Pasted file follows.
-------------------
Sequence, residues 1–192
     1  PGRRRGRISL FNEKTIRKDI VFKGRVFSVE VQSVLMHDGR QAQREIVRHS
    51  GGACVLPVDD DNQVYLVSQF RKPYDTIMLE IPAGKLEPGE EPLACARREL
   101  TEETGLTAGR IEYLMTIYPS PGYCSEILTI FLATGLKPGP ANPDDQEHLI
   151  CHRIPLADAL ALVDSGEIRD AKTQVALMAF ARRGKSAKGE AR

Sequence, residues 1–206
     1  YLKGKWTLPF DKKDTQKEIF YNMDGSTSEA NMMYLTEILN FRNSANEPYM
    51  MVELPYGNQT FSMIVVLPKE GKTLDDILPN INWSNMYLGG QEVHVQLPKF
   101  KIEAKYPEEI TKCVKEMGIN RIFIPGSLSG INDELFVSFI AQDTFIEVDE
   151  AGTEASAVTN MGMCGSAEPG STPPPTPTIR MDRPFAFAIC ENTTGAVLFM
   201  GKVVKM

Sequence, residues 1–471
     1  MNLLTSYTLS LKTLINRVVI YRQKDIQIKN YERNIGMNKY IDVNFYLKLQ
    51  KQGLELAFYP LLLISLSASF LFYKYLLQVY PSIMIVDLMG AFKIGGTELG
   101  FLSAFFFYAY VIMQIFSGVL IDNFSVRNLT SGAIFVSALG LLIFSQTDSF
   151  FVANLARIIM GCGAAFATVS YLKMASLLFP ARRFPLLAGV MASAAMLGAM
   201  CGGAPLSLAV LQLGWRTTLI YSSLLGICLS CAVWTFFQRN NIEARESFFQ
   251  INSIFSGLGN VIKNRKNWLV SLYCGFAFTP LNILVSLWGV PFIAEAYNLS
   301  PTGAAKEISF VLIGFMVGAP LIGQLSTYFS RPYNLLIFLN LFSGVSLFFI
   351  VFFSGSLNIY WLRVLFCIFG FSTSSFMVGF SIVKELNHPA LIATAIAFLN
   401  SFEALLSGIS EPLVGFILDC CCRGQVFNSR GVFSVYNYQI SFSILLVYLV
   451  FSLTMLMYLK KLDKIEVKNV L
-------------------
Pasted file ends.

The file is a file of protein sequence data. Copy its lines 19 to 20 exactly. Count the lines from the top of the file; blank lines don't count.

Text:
   301  PTGAAKEISF VLIGFMVGAP LIGQLSTYFS RPYNLLIFLN LFSGVSLFFI
   351  VFFSGSLNIY WLRVLFCIFG FSTSSFMVGF SIVKELNHPA LIATAIAFLN